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This review appears direct to the web courtesy of THE CINEMA LASER.



David Cronenberg’s CRASH ($50) is not a film that will appeal to all audiences, nor is it a film that can be easily liked even by its admirers. Based on J.G. Ballard’s controversial novel, the subject matter of CRASH is difficult, and I would imagine very distasteful for many individuals. This isn’t because CRASH deals with sexuality, but because of fetishism associated with car crashes and car crash victims. This isn’t to say that CRASH doesn’t have sexually explicit moments, it does. The film did receive an NC-17 rating, and while there is a fair amount of nudity and simulated sex, it is the disturbing subject matter that earned this film that rating. It is obvious that one of Cronenberg’s objectives was to push the envelope of commercial filmmaking, by creating an intentionally adult, NC-17 rated film. Paul Verhoeven attempted the same thing with SHOWGIRLS, but Verhoeven’s film exhibited sex and nudity for their own sake, with nothing to back it up. Cronenberg creates an environment where a perverse sexual obsession is the direct result of the traumatic experiences of car crash victims. Not only do they become obsessed with the crashes themselves, but also the way that crashes reshape the human body. Rosanna Arquette’s character Gabrielle is a rather extreme example. Gabrielle is a very sexual creature, although crippled and scarred by her accident. She is one of the most perverse and alluring images in the film. Clad in a leather miniskirt and custom leg braces and body harness, Gabrielle almost looks like an S&M cyborg. But the character of Gabrielle is only part of it; Cronenberg fills the film with startling imagery. He uses Peter Suschitzky’s cinematography to imbue CRASH with a detached dreamlike quality, which at times turns nightmarish and shocking.

The plot of CRASH centers on a jaded married couple (James Spader and Deborah Kara Unger),who engage in extramarital affairs then relate the details of those affairs to their partner. James, the husband, is seriously injured in a head-on collision with another car. Helen (Holly Hunter), traveling in the other car survives the crash, although her husband is propelled through the windshield and is killed. James and Helen encounter each other while recuperating in the hospital; this is where they meet Vaughan (Elias Koteas), a car crash fetishist. Because of  their traumatic experience, they become part of Vaughan’s world, attending recreations of famous car crashes and having sex in cars. CRASH is filled with strong and very brave performances, and despite how bizarre my description of the film may seem, these actors deserve recognition for their work. James Spader, Holly Hunter, Deborah Kara Unger, Rosanna Arquette and Elias Koteas all bring something great to the material, with Unger being a particular standout.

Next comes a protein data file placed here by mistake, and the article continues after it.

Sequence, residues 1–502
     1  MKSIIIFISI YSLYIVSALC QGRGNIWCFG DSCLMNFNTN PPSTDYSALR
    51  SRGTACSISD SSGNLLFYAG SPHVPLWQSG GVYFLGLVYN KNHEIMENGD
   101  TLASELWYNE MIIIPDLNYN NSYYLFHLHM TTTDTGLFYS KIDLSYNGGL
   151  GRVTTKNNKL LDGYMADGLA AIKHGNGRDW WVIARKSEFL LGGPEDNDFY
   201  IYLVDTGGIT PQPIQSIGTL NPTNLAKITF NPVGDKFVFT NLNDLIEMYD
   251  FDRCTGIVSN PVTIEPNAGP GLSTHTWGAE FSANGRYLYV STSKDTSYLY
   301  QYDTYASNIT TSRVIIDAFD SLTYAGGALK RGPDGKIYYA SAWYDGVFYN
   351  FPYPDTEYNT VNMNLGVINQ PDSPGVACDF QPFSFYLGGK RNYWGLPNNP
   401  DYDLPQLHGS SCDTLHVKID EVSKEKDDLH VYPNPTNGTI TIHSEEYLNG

The Criterion Collection Laserdisc edition of CRASH has been given a good-looking Letterboxed transfer which renders the film in its proper 1.66:1 theatrical proportions. The image has good detail, even during the numerous dark sequences, although there is a bit of film grain in a couple of places. Color reproduction is super, with vivid hues for both the warm and cool colors. The digitally encoded Dolby Surround soundtrack has a great mix that adds directional effects to the film’s car crashes and car chases. Howard Shore’s intense score also benefits from the Dolby encoding. This score, while integral to the film, is so good that it can stand alone as a work and is highly enjoyable. The Sony DADC pressing had modest speckling and was slightly noisy. David Cronenberg supplies an audio commentary on analog track one. Cronenberg’s commentary is very interesting and explains many of the decisions behind the film; he also discusses the controversies connected with the film’s strong subject matter. Other supplements include American and European theatrical trailers, as well as behind-the-scenes footage that includes interviews with Cronenberg and author J.G. Ballard.

If you are a fan of CRASH, this Criterion Collection Laserdisc is the definitive way to own it.


Laserdisc reviews are Copyright 1997 THE CINEMA LASER and may not be copied or reprinted without the written consent of the publisher.
THE CINEMA LASER is written, edited and published by Derek M. Germano.



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